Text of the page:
3. Feelings are for Everyone:
Tears are not something to be ashamed of. Let boys know they shouldn’t be embarrassed of their feelings and that showing emotions does not equal weakness. Allowing them to talk openly about how an experience made them feel (not just how they reacted) is a great way to open a dialogue between a parent and their son, while also building the child’s self-esteem.
4. Others have Feelings Too:
Encouraging empathy from a young age can encourage boys to be aware of how others think and feel. This requires a knowledge of emotions. Just as we teach kids shapes and colors, we need to explain emotions and the way they make us feel. The main way your child learns empathy is by observing the people in his environment…including you! Are you showing empathy with other drivers? In stories you tell about your day? Increasing our own empathy will in turn help build it within our kids.
5. Slow Down:
The world, especially the world of a little one, is going so fast. Slow down! Despite perhaps being late, it is important to allow your young one to do things themselves, within age appropriateness and safety precautions. Let them tie their own shoes or carry their own backpack into the classroom. Yes, it may take longer…BUT by doing so, you’re fostering your kiddo’s sense of independence and confidence in their own abilities to try, maybe fail, but then be confident enough to try again!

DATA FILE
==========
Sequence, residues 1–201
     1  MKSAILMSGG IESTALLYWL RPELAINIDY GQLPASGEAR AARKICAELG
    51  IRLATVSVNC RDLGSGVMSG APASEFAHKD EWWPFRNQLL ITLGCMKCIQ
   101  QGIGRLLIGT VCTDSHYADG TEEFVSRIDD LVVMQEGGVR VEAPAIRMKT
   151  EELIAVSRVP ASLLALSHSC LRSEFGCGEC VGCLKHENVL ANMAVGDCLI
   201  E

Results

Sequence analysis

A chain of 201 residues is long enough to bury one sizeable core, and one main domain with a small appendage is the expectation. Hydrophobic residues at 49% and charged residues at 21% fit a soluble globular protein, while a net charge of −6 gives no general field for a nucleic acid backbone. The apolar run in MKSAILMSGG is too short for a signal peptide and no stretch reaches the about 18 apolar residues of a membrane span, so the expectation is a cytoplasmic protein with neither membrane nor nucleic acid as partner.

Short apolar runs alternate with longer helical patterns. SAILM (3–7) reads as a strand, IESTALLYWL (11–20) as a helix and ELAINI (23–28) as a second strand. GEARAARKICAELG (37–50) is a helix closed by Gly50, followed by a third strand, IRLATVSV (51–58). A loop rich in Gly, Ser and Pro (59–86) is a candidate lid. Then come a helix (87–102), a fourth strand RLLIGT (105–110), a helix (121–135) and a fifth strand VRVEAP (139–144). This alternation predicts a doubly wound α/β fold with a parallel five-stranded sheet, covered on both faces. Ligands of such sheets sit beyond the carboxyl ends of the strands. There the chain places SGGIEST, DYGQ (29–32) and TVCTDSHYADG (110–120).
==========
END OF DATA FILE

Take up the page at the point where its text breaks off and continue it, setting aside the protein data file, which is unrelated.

6. Replace Stereotypes with Encouragement:
“Your thoughtfulness is one of your greatest strengths.”
“Thank you for cooperating.”
“You showed so much strength in handling this challenge.”
“It’s great to see you believe in yourself!”
“It takes courage to stand up for what you believe in!”
“I’m proud of you.”
“Your imagination is awesome.”
“I really want to hear what you have to say.”
“You’re so brave. Go ahead and try something new today.”
This should give you some ideas on how to help improve your son’s self-esteem. If you want more info, enjoy the kiddo-friendly resources below. And remember, an important part of the process is having fun!
Tough Guys Have Feelings Too by Keith Negley
Today I’m a Monster by Agnes Green & Viktorila Mykhalevych
Stand in My Shoes by Bon Sornson
Cvencek, D., Greenwald, A. G., & Meltzoff, A. N. (2016). Implicit measures for preschool children confirm self-esteem’s role in maintaining a balanced identity. Journal of Experimental Social Psychology, 62, 50–57. https://doi-org.xxproxy.smumn.edu/10.1016/j.jesp.2015.09.015
Fuller, S. (2018). Topic: Children and media in the U.S. Retrieved from https://www.statista.com/topics/3980/children-and-media-in-the-us/
Mathias, J. L., Biebl, S. J. W., & DiLalla, L. F. (2011). Self-Esteem Accuracy and Externalizing Problems in Preschool-Aged Boys. Journal of Genetic Psychology, 172(3), 285–292. https://doi-org.xxproxy.smumn.edu/10.1080/00221325.2010.530702
Martin, R. (2017). Gender and Emotion Stereotypes in Children’s Television. Journal of Broadcasting & Electronic Media, 61(3), 499–517. https://doi-org.xxproxy.smumn.edu/10.1080/08838151.2017.1344667